What are the hypothesis and results explaination of joint null test?

When trying to satisfying the paralell assumption in Difference-in-Differences setting, I have the equation:

$$y_{kt} = \alpha_k + \lambda_t + + \delta_{-4} d_{k,t-4} + \delta_{-3} d_{k,t-3} + \delta_{-2} d_{k,t-2} + \delta_{-1} d_{k,t-1} + \delta d_{kt} + \delta_{+1} d_{k,t+1} + \delta_{+2} d_{k,t+2} + \delta_{+\bar{3}} d_{k,t+\bar{3}} + \epsilon_{kt},$$

So, to satisfy the parallel equation, as suggested by Miller, 2021, Table 3, we can do a joint test that $$d_{k,t-i}$$ {i=1;4} equal to 0.

What I tried is: From my understanding, if p-value of joint test is higher than 0.1, we can say that there is no significant difference between treatment and control value in average.

However, when using STATA, I have the joint test code andthe result is as below, I do not know how to read the result because there is no t-stat or p-value here.

    . test (dkt_4=0) (dkt_3=0) (dkt_2 = 0) (dkt_1 = 0)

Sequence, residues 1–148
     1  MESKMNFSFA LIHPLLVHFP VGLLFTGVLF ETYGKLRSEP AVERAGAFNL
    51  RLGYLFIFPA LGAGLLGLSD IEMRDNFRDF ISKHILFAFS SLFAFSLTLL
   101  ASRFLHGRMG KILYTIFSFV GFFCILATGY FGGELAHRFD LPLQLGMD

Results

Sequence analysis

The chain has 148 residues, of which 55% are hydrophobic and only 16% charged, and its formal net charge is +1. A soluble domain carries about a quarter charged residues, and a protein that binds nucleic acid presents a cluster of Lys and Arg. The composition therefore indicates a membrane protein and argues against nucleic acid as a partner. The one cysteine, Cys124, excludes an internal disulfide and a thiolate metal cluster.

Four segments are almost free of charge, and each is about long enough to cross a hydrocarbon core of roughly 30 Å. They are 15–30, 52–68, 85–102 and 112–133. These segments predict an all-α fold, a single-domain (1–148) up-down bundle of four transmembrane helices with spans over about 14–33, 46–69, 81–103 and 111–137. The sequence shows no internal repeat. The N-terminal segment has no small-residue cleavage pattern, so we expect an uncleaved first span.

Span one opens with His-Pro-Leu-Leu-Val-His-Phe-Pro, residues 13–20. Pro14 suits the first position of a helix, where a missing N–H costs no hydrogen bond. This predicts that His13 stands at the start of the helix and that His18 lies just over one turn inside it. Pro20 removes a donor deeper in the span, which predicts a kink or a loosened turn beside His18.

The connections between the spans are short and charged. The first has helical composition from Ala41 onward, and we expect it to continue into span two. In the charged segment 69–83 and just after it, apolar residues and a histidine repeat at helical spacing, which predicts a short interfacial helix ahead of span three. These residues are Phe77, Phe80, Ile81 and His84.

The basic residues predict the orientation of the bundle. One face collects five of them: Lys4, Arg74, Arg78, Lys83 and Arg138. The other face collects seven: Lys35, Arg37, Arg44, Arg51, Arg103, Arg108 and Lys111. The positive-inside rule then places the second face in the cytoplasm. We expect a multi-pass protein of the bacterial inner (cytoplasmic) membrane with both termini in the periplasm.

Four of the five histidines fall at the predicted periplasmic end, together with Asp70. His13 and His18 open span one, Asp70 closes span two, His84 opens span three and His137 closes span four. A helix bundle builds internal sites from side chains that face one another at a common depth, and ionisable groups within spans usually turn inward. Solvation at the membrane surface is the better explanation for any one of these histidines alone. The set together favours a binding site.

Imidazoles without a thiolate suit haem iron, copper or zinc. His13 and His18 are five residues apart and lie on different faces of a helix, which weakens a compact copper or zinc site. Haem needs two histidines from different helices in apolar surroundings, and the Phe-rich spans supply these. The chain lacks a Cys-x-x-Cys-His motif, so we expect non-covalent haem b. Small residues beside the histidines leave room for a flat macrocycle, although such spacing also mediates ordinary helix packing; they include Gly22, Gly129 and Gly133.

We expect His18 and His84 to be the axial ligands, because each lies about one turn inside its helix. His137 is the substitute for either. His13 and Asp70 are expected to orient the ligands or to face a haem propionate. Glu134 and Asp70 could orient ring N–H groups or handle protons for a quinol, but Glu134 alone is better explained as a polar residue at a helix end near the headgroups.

( 1)  dkt_4 = 0
( 2)  dkt_3 = 0
( 3)  dkt_2 = 0
( 4)  dkt_1 = 0

F(  4, 25334) =    4.48
Prob > F =    0.0013


There is no t-statistics because you are using F-test, with F-statistics. Also you do get p-value, p-value is the probability value of obtaining test results at least as large as the results actually observed, under the assumption that the $$H_0$$ is correct. So in your case 0.0013.
• @NoviceMindset 1. yes, that’s the p value. No if p-value is smaller than 0.01 you can not only reject the null but you already reject it at 1% level (e.g. equivalent of $^{***}$). So the null is rejected. Also as I understood from your text when null is rejected parallel trend is violated